Wednesday January 22, 2020
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The Partial Shutdown Of The Government Of United States Ends

The shutdown furloughed 800,000 government employees, with at least 420,000 required to continue working without pay, and the remainder sent home

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Internal Revenue Service employees Brian Lanouette, of Merrimack, N.H., center right, and Mary Maldonado, of Dracut, Mass., right, join with others as they display placards during a rally by federal employees and supporters, Jan. 17, 2019. VOA

The U.S. Office of Management and Budget sent a memo late Friday to closed federal government departments and agencies to inform them that their divisions are now open and their employees can return to work.

The memo called on the agencies to “reopen offices in a prompt and orderly manner.”

The memo said the OMB appreciates the “cooperation and efforts during this difficult period” of the government shutdown.

Earlier, U.S. President Donald Trump signed a three-week spending bill, ending the longest government shutdown in U.S. history.

“After 36 days of spirited debate and dialogue, I see that Democrats and Republicans are willing to put partisanship aside, I think, and put the American people first,” Trump said in a Rose Garden announcement. “This is an opportunity for all parties to work together for the benefit of this beautiful nation.”

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The dome of the U.S. Capitol is seen beyond a chain fence during the partial government shutdown in Washington, Jan. 8, 2019. VOA

By Friday evening, both the U.S. Senate and House had approved the legislation, which Trump then signed.

The bill funding the government through Feb. 15 does not include money for the construction of Trump’s proposed U.S.-Mexico border wall. The president said that a bipartisan committee would be formed in the meantime to evaluate border security, but, contrary to previous claims, he was not asking for a concrete wall along the entire U.S.-Mexico border.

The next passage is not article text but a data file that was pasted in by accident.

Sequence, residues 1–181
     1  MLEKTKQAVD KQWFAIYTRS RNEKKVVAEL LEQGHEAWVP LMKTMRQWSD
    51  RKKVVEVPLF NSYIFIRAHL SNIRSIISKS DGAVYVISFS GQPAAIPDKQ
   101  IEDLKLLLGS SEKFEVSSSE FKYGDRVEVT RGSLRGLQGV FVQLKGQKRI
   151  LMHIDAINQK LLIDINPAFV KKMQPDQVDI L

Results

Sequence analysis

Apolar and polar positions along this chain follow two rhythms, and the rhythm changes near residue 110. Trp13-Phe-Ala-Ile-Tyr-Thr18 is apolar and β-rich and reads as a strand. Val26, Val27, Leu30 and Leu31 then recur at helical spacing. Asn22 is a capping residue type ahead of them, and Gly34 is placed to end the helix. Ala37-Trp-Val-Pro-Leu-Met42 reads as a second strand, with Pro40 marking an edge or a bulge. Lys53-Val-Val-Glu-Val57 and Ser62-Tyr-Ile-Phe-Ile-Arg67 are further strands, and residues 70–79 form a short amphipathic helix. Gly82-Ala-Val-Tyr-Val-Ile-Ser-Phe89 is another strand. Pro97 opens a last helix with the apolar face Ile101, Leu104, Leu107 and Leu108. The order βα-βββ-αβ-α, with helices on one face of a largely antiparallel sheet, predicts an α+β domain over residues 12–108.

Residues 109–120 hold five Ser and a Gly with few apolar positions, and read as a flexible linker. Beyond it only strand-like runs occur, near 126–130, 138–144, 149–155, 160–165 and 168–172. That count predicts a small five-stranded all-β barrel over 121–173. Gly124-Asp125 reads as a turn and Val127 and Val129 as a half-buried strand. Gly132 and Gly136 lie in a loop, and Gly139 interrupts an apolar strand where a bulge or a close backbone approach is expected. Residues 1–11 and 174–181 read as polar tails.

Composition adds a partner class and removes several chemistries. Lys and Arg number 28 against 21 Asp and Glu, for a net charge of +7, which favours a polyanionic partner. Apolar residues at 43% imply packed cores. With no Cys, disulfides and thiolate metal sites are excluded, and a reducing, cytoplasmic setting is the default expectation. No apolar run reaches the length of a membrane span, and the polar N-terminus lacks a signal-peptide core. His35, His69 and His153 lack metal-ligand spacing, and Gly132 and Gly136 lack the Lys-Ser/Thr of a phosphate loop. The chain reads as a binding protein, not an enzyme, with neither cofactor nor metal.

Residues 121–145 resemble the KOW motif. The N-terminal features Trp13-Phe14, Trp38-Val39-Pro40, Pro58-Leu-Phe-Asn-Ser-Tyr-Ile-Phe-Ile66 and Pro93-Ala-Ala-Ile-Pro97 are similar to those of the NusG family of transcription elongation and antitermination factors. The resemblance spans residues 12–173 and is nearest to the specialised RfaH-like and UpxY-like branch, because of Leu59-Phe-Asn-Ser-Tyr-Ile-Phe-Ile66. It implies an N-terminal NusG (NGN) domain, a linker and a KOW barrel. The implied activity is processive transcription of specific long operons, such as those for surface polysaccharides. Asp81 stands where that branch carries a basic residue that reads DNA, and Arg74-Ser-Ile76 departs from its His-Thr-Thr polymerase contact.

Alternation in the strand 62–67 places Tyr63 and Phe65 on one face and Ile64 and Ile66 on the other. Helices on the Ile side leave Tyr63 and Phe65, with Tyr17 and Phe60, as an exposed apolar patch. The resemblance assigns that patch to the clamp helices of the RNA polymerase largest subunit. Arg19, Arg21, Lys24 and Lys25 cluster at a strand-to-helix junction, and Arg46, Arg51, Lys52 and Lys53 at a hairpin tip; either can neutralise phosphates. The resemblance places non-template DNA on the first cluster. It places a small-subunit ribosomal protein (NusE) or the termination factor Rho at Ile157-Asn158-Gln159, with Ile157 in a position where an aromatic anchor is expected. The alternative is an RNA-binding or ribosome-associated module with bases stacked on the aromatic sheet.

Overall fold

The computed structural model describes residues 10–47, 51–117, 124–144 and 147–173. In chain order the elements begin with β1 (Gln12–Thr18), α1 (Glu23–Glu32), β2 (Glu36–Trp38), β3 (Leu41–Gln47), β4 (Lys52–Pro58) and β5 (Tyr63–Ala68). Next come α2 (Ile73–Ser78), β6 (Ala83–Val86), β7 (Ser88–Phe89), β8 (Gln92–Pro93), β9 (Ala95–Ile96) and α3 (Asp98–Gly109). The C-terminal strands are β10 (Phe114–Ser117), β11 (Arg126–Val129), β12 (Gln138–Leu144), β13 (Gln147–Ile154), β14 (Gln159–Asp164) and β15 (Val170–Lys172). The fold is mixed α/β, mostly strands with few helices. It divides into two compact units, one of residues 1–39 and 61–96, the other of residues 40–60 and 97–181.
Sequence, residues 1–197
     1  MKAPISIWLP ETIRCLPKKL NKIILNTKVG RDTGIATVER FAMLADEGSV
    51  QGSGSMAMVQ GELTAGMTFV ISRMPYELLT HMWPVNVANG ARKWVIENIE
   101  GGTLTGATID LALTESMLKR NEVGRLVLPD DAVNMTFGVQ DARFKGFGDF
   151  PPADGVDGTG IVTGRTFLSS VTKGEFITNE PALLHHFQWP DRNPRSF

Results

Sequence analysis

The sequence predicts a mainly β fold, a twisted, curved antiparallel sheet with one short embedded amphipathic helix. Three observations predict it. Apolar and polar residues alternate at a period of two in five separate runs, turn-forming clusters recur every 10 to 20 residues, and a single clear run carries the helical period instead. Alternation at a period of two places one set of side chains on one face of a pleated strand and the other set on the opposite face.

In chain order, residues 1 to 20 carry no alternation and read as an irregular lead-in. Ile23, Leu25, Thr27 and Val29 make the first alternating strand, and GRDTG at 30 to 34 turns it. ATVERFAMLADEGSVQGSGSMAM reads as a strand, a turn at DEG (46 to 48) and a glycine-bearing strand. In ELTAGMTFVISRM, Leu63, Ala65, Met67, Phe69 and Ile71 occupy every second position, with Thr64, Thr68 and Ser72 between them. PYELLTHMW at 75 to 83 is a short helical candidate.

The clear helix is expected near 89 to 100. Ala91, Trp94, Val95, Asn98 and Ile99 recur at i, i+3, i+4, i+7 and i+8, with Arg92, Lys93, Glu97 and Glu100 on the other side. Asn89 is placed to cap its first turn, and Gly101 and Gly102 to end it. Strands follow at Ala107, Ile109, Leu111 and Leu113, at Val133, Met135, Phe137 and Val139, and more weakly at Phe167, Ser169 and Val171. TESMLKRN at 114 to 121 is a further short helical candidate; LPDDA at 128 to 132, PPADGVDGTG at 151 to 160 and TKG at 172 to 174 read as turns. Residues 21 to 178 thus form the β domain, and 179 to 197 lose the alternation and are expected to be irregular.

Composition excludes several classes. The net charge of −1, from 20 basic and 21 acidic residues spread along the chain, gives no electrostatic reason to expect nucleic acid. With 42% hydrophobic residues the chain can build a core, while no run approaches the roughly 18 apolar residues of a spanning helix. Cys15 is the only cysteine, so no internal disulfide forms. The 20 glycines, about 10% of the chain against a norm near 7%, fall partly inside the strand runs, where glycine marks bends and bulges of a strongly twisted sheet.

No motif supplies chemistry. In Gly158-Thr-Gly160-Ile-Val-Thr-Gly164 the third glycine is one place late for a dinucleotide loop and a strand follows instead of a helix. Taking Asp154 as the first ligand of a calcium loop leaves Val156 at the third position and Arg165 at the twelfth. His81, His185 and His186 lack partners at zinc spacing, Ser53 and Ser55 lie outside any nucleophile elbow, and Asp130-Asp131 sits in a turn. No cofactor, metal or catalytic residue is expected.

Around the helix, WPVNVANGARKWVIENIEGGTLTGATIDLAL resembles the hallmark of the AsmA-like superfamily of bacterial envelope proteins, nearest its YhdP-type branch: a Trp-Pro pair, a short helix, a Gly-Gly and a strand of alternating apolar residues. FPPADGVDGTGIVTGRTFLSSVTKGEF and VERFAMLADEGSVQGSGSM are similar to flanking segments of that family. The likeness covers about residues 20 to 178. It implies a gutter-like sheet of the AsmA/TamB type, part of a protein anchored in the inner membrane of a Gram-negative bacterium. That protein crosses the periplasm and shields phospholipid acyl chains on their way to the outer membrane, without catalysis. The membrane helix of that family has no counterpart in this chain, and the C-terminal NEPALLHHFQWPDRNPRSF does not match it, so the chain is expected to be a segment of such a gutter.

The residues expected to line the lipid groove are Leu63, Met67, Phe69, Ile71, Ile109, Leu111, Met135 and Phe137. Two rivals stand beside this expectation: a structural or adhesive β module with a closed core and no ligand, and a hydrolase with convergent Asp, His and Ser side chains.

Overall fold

“We do not need 2,000 miles of concrete wall from sea to shining sea. We never proposed that,” he said.

The announcement came on the 35th day of the shutdown, when roughly 800,000 federal employees missed their second consecutive paycheck.

 

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House Speaker Nancy Pelosi of Calif., accompanied by Senate Minority Leader Sen. Chuck Schumer of N.Y., left, speaks at a news conference on Capitol Hill in Washington, Jan. 25, 2019, after President Donald Trump announces a deal to reopen the government for three weeks. VOA

 

It also came shortly after incoming flights to New York’s LaGuardia airport were delayed because of staffing issues, according to the Federal Aviation Administration.

The FAA also said that departure delays at LaGuardia, as well as Philadelphia and Newark airports, were the result of air traffic control staffing shortages.

Early Saturday morning, House Speaker Nancy Pelosi named the Democratic House members — Appropriations Committee Chairwoman Nita Lowey of New York, Appropriations Subcommittee on Homeland Security Chairwoman Lucille Roybal-Allard of California, David Price of North Carolina, Barbara Lee of California, Henry Cuellar of Texas, Pete Aguilar of California — who will serve on the bipartisan committee to evaluate border security.

Speaking to reporters at the Capitol Friday after Trump’s announcement, Senate Minority Leader Chuck Schumer said Trump agreed to Democratic demands to separate the discussion on reopening the government from border security. He said he hopes Trump has “learned his lesson.”

 

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President Donald Trump speaks in the Rose Garden of the White House, Jan 25, 2019, in Washington. VOA

 

House Speaker Nancy Pelosi told reporters, “I see every crisis as a challenge or an opportunity” and was careful not to characterize Trump’s motives during the government shutdown.

Trump’s announcement reversed his position from Thursday, when he said he would accept a deal to at least temporarily reopen the federal government if it contained a “pro-rated down payment” on the U.S.-Mexico border wall he has sought.

“It’s just common sense, walls work,” Trump said Friday, arguing the barrier would keep out criminals, human traffickers and drugs.

In an apparent reference to reports he was considering declaring a national emergency at the border, Trump said he had “a very powerful alternative” but chose not to use it. He said that option was still on the table if Congress could not come to an agreement within the three-week funding period.

Senate Majority Leader Mitch McConnell said he hopes there will be “good-faith negotiations’’ in the coming weeks to settle differences on border security.